Southern, but modern.
Justin Timberlake is hard at work on a followup to The 20/20 Experience.
So far, we know the “Can’t Stop The Feeling” singer has enlisted a couple of familiar faces for the forthcoming LP, including Timbaland, Pharrell and Max Martin. He also previously explained in an interview with the BBC that he is not “making a country album, but I also don’t like to say that I’m making an R&B album.” JT expanded on that in a new chat with The Hollywood Reporter, describing the forthcoming material as a nod to his Southern roots.
“It sounds more like where I’ve come from than any other music I’ve ever made,” JT says of his new LP, adding that he was recently “caught up in a creative tornado” until three in the morning. “It’s Memphis. It’s Southern American music. But I want to make it sound modern — at least that’s the idea right now.”
Somewhere along the way, Timberlake’s sound made a shift. He said during a roundtable chat with Variety his next project is all-encompassing.
“I wouldn’t say [my new material] is the antithesis of ‘20/20,’ but it does sound more singular,” he said. “If ‘20/20’ sounded like it literally surrounds your entire head, this stuff feels more like it just punches you between the eyes.”
Other highlights from JT’s THR interview:
On being a father:
“You go through your life with your own traumas, big and small, and think, ‘It’s not that bad, I have a lot to be thankful for, my parents did the best they could,’ ” he says. “But then you have a child of your own, and suddenly it opens all the floodgates, and you’re like, ‘No, no, no! That childhood trauma really did f— me up!’ ”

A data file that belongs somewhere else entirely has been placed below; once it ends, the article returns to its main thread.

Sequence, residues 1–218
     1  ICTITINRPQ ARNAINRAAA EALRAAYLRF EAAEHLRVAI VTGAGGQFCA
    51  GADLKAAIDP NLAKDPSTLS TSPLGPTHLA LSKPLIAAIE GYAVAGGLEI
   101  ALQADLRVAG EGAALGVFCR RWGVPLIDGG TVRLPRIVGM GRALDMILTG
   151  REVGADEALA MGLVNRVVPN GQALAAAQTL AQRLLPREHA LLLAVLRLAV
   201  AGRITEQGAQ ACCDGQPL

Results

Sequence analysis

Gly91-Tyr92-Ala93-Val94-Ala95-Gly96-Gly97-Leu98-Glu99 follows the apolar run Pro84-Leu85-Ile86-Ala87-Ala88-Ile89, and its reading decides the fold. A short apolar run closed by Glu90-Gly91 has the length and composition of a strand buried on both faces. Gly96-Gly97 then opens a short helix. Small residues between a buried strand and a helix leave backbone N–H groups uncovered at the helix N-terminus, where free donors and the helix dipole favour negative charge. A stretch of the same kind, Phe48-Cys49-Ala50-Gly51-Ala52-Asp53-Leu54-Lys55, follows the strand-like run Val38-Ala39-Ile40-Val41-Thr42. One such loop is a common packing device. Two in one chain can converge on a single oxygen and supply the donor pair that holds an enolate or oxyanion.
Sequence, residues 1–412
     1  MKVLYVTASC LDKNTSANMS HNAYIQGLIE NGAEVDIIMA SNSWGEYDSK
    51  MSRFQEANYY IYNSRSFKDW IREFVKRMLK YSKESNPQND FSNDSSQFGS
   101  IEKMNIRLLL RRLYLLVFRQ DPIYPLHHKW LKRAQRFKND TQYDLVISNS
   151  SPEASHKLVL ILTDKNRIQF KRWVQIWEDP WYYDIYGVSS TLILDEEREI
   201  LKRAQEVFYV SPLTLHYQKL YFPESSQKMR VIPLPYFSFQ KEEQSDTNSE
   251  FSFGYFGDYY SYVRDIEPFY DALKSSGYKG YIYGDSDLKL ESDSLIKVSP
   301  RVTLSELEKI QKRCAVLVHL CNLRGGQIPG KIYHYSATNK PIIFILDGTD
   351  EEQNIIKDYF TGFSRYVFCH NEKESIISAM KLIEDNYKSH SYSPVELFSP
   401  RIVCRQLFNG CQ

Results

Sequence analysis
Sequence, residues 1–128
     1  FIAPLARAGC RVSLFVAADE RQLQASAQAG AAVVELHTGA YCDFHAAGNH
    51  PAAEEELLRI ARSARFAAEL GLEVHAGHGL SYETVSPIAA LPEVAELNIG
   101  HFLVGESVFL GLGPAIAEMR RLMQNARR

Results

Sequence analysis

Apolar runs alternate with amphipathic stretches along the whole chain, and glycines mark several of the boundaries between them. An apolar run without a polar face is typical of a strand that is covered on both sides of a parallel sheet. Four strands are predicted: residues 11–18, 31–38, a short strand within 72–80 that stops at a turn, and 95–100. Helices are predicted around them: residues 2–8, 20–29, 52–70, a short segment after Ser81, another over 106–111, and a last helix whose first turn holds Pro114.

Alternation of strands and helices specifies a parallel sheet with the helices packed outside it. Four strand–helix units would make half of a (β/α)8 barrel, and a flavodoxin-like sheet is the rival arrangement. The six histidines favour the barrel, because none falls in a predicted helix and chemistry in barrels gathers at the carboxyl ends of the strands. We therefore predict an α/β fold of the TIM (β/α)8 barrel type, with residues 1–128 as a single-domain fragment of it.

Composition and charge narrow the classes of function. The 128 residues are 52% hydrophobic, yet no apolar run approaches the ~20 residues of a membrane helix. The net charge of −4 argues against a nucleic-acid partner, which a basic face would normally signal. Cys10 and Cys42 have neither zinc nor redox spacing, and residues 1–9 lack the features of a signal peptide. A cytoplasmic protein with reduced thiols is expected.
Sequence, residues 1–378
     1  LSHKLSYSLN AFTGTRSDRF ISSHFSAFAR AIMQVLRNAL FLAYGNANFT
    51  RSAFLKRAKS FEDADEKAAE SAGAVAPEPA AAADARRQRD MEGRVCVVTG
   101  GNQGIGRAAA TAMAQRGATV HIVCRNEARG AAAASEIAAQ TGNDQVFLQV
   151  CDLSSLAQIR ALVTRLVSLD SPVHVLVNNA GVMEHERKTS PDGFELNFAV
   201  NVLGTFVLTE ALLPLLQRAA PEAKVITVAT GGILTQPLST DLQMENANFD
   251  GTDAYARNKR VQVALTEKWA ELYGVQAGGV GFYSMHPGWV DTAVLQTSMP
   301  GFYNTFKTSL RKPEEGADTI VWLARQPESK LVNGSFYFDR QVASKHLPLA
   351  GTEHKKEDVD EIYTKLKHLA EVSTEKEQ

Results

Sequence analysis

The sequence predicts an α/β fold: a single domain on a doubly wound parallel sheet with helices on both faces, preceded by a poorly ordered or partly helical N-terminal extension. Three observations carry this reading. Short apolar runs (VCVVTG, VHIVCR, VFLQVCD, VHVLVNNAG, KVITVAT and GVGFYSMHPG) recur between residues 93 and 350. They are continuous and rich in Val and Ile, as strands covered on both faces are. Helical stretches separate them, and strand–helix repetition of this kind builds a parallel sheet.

On why he bailed on NSYNC:
“We were on a stadium tour, and I just felt like the whole thing was too big,” says Timberlake, explaining why he decided to bail. “It started as a fun snowball fight that was becoming an avalanche. And, also, I was growing out of it. I felt like I cared more about the music than some of the other people in the group. And I felt like I had other music I wanted to make and that I needed to follow my heart.”
Jimmy Fallon on his friendship with Timberlake:
“I was hosting by myself for the first time, and Justin was performing by himself for the first time, so we really bonded that night,” remembers Fallon, who was moonlighting from his job on Saturday Night Live to emcee the event. “Our dressing rooms were connected, and we were both pacing, trying to calm each other down. ‘You’re going to be great,’ ‘No, you’re going to be great.’ And we’ve just been pals ever since.”
On straddling the worlds of both music and film:
“I want to do both things,” he says. “I really do idolize the golden era of Hollywood, when actors were required to sing and move. But I’m just following my gut in the decisions that I make about what I’m going to do next. I’m mostly just glad this is all working out because I really can’t do anything else. I’m not gifted at anything else.”
On going on tour:
“Going on tour is a circus,” he says. “You set up the tents, you play the show, you tear the tents down and go on to the next place. It’s like Groundhog Day. After the 125th show, you feel debilitated.”